Insurance Archaeology

What Is Insurance Archaeology?

Ben Pariser


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In the most general terms, insurance archaeology is the digging up of old insurance coverages for customers, primarily businesses, whose historical insurance records may have been lost or destroyed. By piecing together a business’s historical insurance portfolio, insurance archaeologists help their clients understand the full extent and limits of their liability coverage.

Unexpected effects of certain types of products or businesses may not become apparent until years or even decades have passed. These can include both health and environmental problems. Regardless of how much time passes between exposure and its effects, companies’ liability for those effects does not lessen. Businesses purchase liability insurance to mitigate the financial effects of such problems, but over time, information about those coverages can disappear.

Furthermore, some state courts have ruled that policyholders who are liable for environmental damage are entitled to insurance coverage not only from the insurance policies in effect at the time the damage was discovered but also under every policy that was in effect while the damage occurred unnoticed. So when lawsuits come, these businesses need a complete understanding of what they are covered for, both currently and historically. Sometimes that information can be hard to find.

How Do Companies Lose Their Insurance Documentation?

Insurance policy information gets lost for many reasons. The policies we are referencing are “slip and fall” policies to follow the first use of General Liability coverage. Changes in policies, business relocations, mergers and acquisitions, and personnel changes can let some paperwork fall through the proverbial cracks. Bundled insurance packages may include coverages that a company might not realize they paid for. Purging of tax paperwork might mean the loss of old insurance information, too, as companies get rid of decades-old documents they feel they no longer need.

Mergers and acquisitions within the insurance industry itself can also muddy the waters as coverages are tweaked, brokers come and go, and company names change. Insurance archaeology is all about digging through these changes to find what coverages were in place when, and which coverages are still in effect.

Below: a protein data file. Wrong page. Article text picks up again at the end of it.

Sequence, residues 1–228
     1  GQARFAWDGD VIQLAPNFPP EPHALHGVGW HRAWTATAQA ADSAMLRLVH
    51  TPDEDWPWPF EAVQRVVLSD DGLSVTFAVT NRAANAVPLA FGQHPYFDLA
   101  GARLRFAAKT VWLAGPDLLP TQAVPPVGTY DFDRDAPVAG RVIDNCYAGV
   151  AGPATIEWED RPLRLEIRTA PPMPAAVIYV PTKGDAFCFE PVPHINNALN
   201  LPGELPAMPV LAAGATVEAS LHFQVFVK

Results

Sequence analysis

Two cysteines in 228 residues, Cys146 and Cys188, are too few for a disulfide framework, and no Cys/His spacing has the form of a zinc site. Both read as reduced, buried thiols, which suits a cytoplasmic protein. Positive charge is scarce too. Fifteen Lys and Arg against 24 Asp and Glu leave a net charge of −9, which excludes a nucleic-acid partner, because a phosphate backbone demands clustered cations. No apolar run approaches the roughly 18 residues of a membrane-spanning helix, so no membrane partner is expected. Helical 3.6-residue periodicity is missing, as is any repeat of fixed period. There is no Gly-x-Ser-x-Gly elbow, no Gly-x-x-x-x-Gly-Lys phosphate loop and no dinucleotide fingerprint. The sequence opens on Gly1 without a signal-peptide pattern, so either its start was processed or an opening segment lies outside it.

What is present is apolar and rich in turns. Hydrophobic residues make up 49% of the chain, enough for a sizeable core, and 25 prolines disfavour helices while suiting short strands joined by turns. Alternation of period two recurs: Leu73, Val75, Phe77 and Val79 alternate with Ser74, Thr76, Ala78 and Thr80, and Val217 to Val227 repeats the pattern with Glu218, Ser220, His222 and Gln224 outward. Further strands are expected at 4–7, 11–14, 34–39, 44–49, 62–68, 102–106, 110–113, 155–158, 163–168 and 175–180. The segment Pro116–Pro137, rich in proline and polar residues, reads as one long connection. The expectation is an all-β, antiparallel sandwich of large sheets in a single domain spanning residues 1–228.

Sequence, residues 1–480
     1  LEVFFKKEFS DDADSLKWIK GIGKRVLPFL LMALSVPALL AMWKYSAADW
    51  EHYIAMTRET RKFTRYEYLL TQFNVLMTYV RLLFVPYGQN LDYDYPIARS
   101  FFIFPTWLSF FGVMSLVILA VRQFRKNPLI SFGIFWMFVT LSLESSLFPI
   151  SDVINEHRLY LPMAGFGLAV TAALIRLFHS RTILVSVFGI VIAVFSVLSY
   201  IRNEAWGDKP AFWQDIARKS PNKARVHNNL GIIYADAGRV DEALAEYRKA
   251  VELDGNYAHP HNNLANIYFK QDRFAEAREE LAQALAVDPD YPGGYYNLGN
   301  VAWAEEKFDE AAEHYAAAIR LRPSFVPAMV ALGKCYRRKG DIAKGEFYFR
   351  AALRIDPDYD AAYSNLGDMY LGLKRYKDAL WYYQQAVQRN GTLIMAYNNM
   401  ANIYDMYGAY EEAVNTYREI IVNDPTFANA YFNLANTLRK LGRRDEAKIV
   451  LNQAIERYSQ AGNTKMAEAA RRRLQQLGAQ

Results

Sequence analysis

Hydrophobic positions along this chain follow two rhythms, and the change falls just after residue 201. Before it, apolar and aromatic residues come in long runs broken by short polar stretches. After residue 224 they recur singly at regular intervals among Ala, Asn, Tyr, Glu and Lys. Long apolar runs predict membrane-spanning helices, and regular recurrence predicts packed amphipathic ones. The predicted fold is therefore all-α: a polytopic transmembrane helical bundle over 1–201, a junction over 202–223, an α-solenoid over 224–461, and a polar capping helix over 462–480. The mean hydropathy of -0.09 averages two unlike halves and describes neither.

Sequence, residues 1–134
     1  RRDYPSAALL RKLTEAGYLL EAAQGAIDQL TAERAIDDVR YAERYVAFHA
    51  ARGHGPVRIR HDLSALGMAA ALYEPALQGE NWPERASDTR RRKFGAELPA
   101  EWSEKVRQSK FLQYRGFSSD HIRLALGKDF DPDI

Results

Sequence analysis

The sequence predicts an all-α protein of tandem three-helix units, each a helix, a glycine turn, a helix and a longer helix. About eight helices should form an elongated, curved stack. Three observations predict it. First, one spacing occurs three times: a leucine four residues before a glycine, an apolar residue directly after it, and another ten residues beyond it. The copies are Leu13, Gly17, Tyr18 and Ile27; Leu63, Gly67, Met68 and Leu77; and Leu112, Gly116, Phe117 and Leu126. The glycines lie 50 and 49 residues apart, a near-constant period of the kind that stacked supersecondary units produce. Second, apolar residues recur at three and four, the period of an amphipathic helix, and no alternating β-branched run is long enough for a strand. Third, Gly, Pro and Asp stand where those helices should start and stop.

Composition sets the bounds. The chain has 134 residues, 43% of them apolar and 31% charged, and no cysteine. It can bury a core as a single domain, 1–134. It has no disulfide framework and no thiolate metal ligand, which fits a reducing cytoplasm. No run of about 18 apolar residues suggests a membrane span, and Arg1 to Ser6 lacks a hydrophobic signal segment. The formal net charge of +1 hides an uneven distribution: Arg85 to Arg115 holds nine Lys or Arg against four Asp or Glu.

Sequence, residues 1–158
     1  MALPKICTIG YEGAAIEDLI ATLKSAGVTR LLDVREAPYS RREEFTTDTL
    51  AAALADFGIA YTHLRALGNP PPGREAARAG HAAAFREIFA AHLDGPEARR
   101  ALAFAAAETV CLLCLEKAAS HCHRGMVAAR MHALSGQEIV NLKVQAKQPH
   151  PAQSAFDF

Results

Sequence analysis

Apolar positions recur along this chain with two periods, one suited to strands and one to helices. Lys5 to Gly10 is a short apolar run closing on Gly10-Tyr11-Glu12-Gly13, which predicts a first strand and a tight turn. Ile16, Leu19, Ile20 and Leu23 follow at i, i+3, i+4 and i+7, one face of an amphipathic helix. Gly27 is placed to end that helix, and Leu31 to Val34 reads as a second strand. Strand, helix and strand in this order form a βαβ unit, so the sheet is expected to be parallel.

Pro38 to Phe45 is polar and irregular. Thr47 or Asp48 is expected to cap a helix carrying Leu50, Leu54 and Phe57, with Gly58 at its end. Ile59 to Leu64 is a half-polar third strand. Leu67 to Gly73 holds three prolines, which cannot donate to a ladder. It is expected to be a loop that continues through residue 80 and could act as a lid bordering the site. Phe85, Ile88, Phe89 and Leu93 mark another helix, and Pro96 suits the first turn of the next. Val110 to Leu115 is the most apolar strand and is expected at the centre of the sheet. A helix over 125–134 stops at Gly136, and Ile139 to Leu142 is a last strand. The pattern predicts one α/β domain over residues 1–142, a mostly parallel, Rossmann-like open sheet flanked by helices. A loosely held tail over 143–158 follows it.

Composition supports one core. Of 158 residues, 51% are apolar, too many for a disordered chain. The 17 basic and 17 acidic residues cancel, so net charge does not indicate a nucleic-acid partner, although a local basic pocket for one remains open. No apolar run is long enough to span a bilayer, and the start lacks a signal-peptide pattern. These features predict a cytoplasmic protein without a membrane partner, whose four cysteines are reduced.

Who Uses Insurance Archaeology?

The obvious need for insurance archaeology comes when there is a lawsuit for a long-hidden effect. This might bring to mind a number of high-profile lawsuits around products like asbestos, thalidomide, and L-tryptophan, but any number of smaller and less life-threatening long-term effects may be involved. A business facing such a lawsuit may rely on insurance archaeology to understand the full extent of its financial liability and what policies it had in place sometimes decades into the past.

Industrial real estate sales, too, are a common beneficiary of insurance archaeology. Environmental studies can reveal contamination left behind by previous businesses, such as dry cleaners and factories. In such cases, insurance archaeology doesn’t focus on the liability coverage of a single business but on the historical insurance coverage of a plot of land. Previous owners may be liable for contamination, so current sellers need to understand not only their own historical insurance portfolio, but the policies of those businesses that used the land before them.

Insurance archaeology may uncover old policies that could pay for the costs of the environmental study, site cleanup, or legal settlements that the company might otherwise be responsible for.

America is a litigious country. Sometimes it seems like the “right to sue” is one of our most exercised rights. Class-action lawsuits are proliferating, and courts are awarding ever larger settlements. Businesses purchase liability insurance to provide financial protection against such lawsuits. Insurance archaeology is the means for uncovering the extent of that protection and putting it to work.

We are not attorneys, this is not legal advice. 

Ben Pariser

One of Ben’s favorite parts of insurance archeology is knowing Restorical is making a difference, helping to clean up the environment one polluted property at a time while also changing people’s lives.


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